Since they felt that drug use at PAHS happens in secluded spots while most everyone else is occupied with class, they proposed more patrolling of the halls, bathrooms, lockerrooms, and remote areas of the school buildings and campus during class periods.
They agreed that it was too easy to get out of class. Not just study hall, but regular class periods, using excuses like going to the bathroom, going to the office, or going to the nurse's office.
(The Press gave a list of these suggestions to Janotta last week, who already has shared them with the high school teachers at a staff meeting. "The hallways are already better," he said, "after one meeting of talking about it.")
They proposed having smoke detectors in selected areas of the school, and Janotta has already found a possible vendor for hidden smoke detectors.
The students expressed a community need for better recreational facilities, especially things that would attract youth like a skateboard park, bike track, and swimming pool. "I think if there were more things to do in this town there'd be less people who'd use drugs or alcohol," said one student.
Parents need to provide better supervision, they stressed. Parents should trust their kids until they prove unworthy, but parents still need be observant and aware.
One suggestion, which many of them said they hate personally, was parents providing their child with a cell phone and calling them every half hour to check on where they're going and what they're doing.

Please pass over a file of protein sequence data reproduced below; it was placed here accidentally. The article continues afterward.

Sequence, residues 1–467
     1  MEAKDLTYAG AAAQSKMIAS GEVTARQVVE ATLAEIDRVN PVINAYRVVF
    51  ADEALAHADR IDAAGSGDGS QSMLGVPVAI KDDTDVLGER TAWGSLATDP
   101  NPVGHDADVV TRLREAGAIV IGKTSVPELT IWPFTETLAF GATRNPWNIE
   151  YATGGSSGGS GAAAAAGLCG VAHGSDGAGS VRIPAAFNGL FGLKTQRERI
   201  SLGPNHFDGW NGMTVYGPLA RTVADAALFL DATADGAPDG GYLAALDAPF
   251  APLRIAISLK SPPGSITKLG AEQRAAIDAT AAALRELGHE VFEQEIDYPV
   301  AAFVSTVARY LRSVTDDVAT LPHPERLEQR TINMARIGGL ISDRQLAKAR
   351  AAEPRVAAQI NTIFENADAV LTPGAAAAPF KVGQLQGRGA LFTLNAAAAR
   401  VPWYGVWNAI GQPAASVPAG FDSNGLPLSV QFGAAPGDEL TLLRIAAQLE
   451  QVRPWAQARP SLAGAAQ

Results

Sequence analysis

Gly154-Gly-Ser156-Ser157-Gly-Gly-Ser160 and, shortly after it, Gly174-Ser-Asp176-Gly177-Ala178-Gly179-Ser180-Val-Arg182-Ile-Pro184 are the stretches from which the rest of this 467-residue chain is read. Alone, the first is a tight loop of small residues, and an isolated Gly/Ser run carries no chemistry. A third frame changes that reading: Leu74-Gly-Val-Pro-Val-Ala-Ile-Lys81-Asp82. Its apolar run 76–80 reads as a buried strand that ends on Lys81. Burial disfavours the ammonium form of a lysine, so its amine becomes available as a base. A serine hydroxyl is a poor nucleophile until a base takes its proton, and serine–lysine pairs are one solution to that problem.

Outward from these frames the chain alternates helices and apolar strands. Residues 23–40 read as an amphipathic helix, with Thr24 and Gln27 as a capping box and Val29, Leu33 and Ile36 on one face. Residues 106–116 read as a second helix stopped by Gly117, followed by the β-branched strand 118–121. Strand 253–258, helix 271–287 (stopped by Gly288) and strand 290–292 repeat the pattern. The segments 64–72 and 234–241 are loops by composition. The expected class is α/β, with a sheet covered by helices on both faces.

Parents need to communicate with their children, agreed Schmitt. "Find out what's going on in their lives," he said.
Danger signs that parents should watch closely, according to Schmitt, are slipping grades, change in friends, appetite changes, mood changes, change in personal appearance, school attendance, and financial habits. "Sometimes parents are the last to know," he said. "If they really are paying close attention to their children, they'll suspect something earlier."
Parents can have their son or daughter tested if they suspect drug use. Drug tests are available at the Paynesville Area Health Care System.
"I think a lot of parents know," said one student. "They just don't want to admit it."
Parents also need to be proactive, especially these days. The current high school students said pressure for alcohol and drugs really hit when they got in ninth grade, and might be earlier now. This means parents need to communicate with their kids while in the middle school to be preventative.
Know the Signs
Drop in academic performance.
She works at PAHS on Tuesdays and Wednesdays and takes referrals from staff, parents, and students. She also gets involved when a student's chemical use leads to an infraction with the Minnesota State High School League.
The adage that high school are the best years of your life is not always true, warned McLane. "We think students don't have a lot of stress, but it is stressful," she explained.
She believes that chemical use is a personal choice. "'There's nothing to do in Paynesville.' I hear that over and over," she said, with little sympathy. "They can do the same things sober."
Getting that message across is increasing in importance at PAHS. Paynesville has had its share of tragedy in the past, Janotta noted, and he hopes the community can address this problem before it comes to any of that.
"It seems too often it takes a crisis to make positive things happen," he said, "but then those parents move on and we need another tragedy to learn the hard lessons."